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Twitter CFO Anthony Noto privately analyzes Facebook

I’m surprised that more of the fascinating emails revealed by WikiLeaks about Snapchat have not been publicized. Below is one of my favorites. Twitter’s future CFO Anthony Noto sent a fairly detailed analysis of Facebook’s Q1 2014 earnings to Snapchat CEO Evan Spiegel in April, 2014. Noto became Twitter’s CFO two months later.

From: “Noto, Anthony” Anthony.Noto@gs.com

Date: April 24, 2014 at 9:01:27 AM EDT

To: “’evan@snapchat.com’” evan@snapchat.com

Subject: Perspective on FB

Like we discussed last night the headline growth rate of 72% yoy with ad revenue accelerating to 82% yoy growth is remarkable at this scale and should be a real positive for the sector.

Just finished doing a deep dive on FB results

The exact opposite trend drove results than what we discussed last night. # of ad impressions actually decline by 17% year over year and was off set by revenue per impression being

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In mobile, disruption comes from above

The always-amazing Benedict Evans on patterns of disruption in mobile:

You can see this basic story over and over again in the history of the technology industry. The future always comes looking like a toy. But right now the tech industry is being reset by the mobile, and in mobile, disruption tends to work the other way around. The new thing tends to arrive looking like an expensive luxury for rich people, doing far more than any normal person would need. But over time it gets cheaper, and the new, unnecessary characteristics turn out to be very necessary, and the the old, cheaper, less capable model gets squashed.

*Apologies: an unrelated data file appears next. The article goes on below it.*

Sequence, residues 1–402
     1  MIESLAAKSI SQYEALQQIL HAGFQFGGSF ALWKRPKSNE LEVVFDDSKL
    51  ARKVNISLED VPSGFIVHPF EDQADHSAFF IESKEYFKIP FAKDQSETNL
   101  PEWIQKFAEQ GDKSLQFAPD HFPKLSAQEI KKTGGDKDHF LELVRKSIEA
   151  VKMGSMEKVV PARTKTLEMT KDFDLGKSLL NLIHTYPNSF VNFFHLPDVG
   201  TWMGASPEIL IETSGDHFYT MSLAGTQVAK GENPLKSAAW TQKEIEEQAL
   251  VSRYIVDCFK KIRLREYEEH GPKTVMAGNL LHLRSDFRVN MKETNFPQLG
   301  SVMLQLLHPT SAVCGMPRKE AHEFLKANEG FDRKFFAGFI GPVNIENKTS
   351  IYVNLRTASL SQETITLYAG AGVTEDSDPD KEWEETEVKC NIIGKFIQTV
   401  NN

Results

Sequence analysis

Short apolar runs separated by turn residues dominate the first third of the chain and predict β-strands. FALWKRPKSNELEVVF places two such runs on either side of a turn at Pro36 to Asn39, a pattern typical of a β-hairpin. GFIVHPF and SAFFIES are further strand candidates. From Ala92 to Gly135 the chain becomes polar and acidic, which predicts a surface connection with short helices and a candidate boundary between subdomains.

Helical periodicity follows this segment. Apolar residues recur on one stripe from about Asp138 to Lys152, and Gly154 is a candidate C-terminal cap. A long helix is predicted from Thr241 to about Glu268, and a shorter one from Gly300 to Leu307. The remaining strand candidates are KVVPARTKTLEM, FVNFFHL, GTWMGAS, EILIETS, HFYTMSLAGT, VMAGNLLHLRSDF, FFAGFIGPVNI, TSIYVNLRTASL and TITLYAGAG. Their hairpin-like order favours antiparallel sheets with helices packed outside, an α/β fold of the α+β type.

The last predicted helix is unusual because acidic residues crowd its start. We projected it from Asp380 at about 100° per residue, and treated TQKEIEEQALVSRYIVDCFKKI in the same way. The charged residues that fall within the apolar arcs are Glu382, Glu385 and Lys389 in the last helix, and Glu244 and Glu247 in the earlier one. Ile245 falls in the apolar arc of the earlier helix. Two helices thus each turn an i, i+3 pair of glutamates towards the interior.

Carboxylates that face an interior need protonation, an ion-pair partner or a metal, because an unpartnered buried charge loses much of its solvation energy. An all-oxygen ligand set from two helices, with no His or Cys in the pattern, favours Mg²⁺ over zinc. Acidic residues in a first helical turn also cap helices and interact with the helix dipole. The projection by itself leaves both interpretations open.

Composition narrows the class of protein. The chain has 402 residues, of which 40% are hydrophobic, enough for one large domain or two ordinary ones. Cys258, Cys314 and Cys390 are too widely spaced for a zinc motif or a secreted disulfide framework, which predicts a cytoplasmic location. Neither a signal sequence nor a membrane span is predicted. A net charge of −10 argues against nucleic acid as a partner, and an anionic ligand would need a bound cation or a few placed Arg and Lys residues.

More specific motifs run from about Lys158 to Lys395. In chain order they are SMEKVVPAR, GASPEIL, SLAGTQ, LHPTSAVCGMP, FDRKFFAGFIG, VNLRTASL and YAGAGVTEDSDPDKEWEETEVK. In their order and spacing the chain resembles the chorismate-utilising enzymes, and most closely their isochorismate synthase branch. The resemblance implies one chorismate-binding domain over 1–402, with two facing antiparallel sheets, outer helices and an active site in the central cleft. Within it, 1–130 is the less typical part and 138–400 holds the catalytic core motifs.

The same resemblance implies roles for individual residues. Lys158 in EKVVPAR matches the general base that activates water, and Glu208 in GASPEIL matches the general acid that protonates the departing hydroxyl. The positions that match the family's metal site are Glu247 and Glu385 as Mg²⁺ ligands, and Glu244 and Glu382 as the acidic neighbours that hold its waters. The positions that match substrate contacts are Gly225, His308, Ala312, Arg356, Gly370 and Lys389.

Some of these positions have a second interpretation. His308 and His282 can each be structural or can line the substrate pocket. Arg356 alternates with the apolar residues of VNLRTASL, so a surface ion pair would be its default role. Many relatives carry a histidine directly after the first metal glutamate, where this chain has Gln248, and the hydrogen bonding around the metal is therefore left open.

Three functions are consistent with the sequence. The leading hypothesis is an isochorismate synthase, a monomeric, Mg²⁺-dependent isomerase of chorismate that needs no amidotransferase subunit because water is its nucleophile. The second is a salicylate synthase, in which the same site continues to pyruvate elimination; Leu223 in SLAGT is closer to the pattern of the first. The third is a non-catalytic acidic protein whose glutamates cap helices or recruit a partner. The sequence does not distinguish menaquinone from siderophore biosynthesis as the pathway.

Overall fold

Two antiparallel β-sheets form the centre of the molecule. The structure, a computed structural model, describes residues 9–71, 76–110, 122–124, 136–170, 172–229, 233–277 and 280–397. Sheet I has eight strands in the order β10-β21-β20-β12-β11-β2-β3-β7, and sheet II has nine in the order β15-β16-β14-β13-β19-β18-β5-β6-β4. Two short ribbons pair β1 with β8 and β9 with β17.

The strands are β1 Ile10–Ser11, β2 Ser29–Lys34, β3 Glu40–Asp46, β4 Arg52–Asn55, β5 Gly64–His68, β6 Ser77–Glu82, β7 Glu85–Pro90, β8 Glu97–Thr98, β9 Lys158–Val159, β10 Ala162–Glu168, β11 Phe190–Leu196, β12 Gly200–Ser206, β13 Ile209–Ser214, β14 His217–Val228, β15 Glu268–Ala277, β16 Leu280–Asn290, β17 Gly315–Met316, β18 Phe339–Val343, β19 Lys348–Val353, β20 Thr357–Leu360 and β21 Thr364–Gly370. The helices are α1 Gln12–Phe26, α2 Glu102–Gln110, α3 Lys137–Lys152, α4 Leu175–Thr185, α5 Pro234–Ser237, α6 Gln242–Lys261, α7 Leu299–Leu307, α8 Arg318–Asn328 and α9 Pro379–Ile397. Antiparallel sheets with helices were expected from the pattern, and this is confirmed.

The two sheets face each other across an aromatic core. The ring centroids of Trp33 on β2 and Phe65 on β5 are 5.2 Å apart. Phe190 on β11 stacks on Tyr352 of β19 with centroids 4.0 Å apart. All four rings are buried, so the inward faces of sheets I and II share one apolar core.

This kind of ‘reverse disruption’ also happens with other advanced, expensive hardware technology products like the automobile, the computer, the television, etc. But the bottom-up disruption pattern is way more common, and almost universally true for applications of those

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Dick Costolo talks to Farhad Manjoo

Dick Costolo “talked” to Farhad Manjoo today, who was only able to ask one tough question:

In a recent earnings report, you said Twitter had 288 million active users a month — only a few million more than in the quarter before. Do you worry that Twitter doesn’t have a broad appeal?

Everyone wants to know and stay up-to-date on what’s happening in their world and be connected and know what’s going on. That’s what Twitter provides. So I think that irrespective of whether you want to tweet, everyone can get value out of Twitter right away.

Interesting question with unfortunate phrasing. The answer is definitely true. But I wonder what he really thinks.

Also strange that Costolo continues to reference Twitter’s bizarre run-on strategy statement with, “Everyone wants to know and stay up-to-date on what’s happening in their world and be connected and know what’s going on.” You’d think they

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Fashion